I've since heard from a couple of people that The Kitchen run great cooking classes during the day for young children and young adults. It's a fun place to go for a birthday party or hens night and we certainly enjoyed it. (With special special thanks to A for the photos) 4. Earl grey & chiffon cake with marscapone icing
When I won the Kitchen Aid cookbook I mentioned above, the first thing the people from @KitchenAidUK, via Twitter, told me to make was this cake. So doing what I was told, I did just that.
I couldn't help but feel a little like the poor relation when reading the instructions to beat my mixture on a certain setting with a certain type of beater on my gleaming Kitchen Aid mixer, whilst in reality making a complete mess with my Dualit magic wand beater, which is rather more like using an extremely energetic jack hammer. Whilst I'd like to insist that I really do need a Kitchen Aid in order to use the book, unfortunately the cake came out beautifully with my hand held appliance.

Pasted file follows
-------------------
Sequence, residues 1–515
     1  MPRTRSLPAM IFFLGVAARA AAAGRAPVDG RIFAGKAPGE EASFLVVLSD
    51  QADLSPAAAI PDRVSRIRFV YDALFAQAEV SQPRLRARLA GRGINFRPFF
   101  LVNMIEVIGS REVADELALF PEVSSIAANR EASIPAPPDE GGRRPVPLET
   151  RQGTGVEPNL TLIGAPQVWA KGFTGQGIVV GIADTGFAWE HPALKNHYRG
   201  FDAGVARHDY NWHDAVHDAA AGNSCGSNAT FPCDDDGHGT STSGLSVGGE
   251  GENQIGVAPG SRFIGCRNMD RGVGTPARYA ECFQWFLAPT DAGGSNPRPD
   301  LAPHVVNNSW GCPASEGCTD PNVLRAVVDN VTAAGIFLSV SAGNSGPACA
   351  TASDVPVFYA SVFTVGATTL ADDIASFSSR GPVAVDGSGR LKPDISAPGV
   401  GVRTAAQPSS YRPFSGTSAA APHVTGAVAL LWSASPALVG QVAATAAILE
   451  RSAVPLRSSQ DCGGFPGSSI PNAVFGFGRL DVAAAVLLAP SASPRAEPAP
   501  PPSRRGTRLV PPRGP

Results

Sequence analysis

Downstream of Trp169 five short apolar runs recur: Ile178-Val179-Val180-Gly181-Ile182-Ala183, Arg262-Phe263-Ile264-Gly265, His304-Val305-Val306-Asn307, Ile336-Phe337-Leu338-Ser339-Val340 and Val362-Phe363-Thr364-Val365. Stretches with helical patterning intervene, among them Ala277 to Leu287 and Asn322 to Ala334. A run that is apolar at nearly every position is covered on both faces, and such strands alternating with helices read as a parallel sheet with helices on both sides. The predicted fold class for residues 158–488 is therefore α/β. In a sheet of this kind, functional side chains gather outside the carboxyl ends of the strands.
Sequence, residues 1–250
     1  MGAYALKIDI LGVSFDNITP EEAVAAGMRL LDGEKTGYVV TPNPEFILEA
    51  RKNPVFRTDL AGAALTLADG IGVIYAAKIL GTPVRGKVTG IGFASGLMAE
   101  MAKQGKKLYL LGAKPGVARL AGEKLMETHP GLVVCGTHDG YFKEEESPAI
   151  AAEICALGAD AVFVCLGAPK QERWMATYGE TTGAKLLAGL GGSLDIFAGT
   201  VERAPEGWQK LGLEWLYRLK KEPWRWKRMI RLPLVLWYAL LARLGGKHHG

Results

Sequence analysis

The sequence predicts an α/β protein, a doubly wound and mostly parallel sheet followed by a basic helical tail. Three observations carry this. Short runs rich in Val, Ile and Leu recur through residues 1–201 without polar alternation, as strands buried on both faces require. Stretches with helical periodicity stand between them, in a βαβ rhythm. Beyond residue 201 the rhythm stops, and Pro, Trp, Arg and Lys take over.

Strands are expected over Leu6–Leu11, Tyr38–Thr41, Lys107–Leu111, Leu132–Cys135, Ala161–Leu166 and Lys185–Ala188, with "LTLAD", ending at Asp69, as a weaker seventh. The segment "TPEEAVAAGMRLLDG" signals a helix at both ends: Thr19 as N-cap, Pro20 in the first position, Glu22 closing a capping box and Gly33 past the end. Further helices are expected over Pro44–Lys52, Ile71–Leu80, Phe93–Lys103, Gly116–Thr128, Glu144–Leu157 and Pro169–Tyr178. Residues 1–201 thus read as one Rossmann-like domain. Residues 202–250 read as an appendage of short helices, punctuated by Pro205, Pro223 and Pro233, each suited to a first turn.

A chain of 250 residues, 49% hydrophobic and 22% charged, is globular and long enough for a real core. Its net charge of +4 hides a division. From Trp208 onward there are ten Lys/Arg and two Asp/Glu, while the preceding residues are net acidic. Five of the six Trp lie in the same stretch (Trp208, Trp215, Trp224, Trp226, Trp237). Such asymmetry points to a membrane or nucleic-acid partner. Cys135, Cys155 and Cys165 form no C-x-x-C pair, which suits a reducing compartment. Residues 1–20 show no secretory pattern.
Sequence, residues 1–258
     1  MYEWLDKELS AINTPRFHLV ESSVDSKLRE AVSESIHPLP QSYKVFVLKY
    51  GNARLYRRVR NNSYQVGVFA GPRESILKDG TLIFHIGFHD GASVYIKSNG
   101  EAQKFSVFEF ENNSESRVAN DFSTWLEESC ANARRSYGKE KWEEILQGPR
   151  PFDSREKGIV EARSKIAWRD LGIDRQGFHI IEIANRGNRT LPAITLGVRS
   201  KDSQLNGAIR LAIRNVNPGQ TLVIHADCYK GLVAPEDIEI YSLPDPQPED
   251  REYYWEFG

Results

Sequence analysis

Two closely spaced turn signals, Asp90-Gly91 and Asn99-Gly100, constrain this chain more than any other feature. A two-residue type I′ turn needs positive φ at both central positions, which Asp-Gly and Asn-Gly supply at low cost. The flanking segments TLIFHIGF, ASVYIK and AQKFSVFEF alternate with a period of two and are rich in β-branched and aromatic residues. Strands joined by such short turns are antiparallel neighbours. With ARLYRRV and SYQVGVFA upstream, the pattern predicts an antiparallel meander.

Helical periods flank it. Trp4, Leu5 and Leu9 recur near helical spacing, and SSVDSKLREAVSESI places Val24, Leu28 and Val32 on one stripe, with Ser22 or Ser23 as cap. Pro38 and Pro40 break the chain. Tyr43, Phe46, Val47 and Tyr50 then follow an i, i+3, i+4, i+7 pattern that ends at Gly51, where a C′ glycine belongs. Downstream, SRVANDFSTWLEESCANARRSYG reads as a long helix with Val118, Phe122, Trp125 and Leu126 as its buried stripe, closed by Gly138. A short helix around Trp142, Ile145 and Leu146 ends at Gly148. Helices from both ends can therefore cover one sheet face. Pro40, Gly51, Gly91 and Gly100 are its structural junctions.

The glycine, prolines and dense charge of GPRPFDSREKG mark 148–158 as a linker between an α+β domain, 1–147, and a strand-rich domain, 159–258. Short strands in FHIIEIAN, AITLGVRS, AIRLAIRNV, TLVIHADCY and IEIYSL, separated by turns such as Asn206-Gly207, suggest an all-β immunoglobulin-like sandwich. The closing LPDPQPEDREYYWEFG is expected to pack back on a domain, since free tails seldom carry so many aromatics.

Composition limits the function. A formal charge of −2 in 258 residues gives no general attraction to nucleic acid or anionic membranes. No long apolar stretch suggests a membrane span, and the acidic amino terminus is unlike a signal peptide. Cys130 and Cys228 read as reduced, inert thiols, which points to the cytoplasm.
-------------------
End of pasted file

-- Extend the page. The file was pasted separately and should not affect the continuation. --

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The cake is to be served with the marscapone cream, however I slightly burnt mine (a reoccurring theme ...) so had to "trim" it slightly, so piled the cream on top as icing instead, to cover up my mistakes. The top was then sprinkled with pistachios and lemon zest. The cake was lemony with a subtle taste of tea. It looked rather different and tasted quite yummy. I even had a second piece, just to make sure.
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(I've been too lazy to give the recipe, but let me know if you want to give it a try. I can already hear my mother typing away an email wanting to cook this one for her regular Friday meetings of girlfriends)